Question: My wife and I are recently married. We are very happy and have a great relationship, except for one thing: she doesn't get along with my friends. This has often led to arguments and tension between us. Is there a way to solve this problem?

Answer:

It would be fair to say that the knowledge, skills, and understanding required to resolve differences like the one you’ve described are essential to the success of every marriage. Many newlyweds find themselves faced with challenges of this nature soon after the wedding, and their ability to work through them together is an important measure of the strength and viability of their relationship. As we see it, this issue can provide you and your wife with a great opportunity to learn what it means to compromise and be flexible. No marriage can weather the storms of the years if each spouse doesn’t learn to give preference to his or her partner's desires from time to time.

It would be helpful if we had a little more specific information about your situation. You didn’t mention what it is about your friends that your wife doesn't like – you merely said that she "doesn't get along with them." What exactly is it that prevents her from warming up to them? Are her concerns valid in any way? Are your friends engaging in behaviour that is immature, irresponsible or immoral? If so, we'd suggest that you have the responsibility to confront this issue. You need to ask yourself seriously whether these friendships are truly good for you and your marriage.

If, on the other hand, your wife and your friends simply have different tastes and interests, you might want to challenge her – gently and sensitively, of course – to make an effort to get to know them on a deeper level. If she does, she may find some common ground on which to build a relationship with them. You could also encourage your buddies to be more cognizant of her presence and to look for ways to reach out to her when they come over to the house. Above all, take steps to ensure that she doesn't feel excluded. Make her feel like she's a part of the group. As her husband, you're in the perfect position to mediate and facilitate this kind of social interaction.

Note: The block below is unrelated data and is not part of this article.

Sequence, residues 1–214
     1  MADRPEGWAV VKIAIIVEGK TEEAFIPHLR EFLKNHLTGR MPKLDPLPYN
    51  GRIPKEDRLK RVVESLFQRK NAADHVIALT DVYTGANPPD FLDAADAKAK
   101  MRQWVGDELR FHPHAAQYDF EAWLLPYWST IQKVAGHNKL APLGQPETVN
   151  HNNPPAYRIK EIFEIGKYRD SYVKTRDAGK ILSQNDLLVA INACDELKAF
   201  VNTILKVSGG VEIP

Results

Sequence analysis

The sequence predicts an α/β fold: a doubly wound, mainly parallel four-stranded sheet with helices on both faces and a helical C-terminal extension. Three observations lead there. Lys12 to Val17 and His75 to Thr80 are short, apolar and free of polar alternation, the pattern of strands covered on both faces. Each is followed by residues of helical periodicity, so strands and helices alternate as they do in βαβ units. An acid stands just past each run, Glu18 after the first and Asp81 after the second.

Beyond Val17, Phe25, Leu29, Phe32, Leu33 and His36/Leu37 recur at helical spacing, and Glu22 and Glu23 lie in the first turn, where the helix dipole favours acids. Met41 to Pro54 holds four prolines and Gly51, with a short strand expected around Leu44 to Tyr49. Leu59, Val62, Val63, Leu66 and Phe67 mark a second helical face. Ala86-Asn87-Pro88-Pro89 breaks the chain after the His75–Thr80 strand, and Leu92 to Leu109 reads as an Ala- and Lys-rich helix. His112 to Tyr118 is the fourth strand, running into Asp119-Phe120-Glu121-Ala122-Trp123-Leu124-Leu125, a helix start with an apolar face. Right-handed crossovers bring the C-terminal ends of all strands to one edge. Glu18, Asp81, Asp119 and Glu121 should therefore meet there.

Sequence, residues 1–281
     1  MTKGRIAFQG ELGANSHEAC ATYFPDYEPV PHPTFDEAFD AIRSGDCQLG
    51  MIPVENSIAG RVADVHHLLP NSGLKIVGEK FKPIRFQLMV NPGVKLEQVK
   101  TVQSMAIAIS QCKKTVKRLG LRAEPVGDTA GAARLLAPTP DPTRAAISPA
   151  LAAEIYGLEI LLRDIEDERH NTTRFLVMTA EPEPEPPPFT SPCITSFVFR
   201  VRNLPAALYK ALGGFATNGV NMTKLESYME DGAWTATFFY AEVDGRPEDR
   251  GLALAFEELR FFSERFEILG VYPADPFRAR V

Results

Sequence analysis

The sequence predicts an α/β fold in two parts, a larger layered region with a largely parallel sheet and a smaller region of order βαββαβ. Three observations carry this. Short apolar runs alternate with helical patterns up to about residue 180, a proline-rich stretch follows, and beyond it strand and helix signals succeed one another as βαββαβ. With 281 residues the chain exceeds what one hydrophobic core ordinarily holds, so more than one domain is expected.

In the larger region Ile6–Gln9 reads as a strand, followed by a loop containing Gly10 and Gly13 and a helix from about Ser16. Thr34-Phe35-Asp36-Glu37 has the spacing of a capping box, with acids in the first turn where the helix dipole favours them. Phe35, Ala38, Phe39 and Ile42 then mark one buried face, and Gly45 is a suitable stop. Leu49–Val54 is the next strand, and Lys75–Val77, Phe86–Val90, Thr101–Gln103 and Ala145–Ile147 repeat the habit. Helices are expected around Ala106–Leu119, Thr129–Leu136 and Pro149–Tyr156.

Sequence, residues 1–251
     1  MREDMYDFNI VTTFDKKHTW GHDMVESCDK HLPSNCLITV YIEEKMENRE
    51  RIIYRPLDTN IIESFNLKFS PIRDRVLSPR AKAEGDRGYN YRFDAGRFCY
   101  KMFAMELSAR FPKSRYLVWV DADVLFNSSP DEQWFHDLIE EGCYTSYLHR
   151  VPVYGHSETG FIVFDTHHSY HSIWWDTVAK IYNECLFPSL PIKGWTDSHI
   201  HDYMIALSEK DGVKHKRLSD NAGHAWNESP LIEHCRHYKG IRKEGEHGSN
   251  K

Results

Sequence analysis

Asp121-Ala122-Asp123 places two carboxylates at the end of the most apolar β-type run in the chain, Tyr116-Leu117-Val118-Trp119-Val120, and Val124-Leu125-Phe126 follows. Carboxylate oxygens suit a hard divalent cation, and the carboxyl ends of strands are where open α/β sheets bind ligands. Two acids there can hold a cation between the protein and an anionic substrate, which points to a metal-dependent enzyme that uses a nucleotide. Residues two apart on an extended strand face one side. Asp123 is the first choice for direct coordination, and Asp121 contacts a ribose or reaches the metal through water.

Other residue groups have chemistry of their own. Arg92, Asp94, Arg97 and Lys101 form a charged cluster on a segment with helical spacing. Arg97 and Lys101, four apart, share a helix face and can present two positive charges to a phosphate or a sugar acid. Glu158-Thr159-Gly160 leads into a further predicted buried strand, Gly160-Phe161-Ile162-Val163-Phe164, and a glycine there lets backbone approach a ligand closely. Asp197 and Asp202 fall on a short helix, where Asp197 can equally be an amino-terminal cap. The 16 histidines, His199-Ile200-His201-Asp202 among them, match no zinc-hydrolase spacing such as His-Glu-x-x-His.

If you're having trouble coming to grips with this on your own, it might be a good idea to consider the option of discussing the situation with a counsellor. We have a staff of family therapists here at Focus on the Family Canada who are available to consult with you over the phone. You may reach them Monday through Friday between 8 a.m. and 4 p.m. Pacific time at 1.800.661.9800. Our staff can also provide you with a list of qualified Christian marriage-and-family counsellors practicing in your local area.

Excerpted from The Complete Guide to the First Five Years of Marriage, a Focus on the Family book published by Tyndale House Publishers. Copyright © 2006, Focus on the Family.

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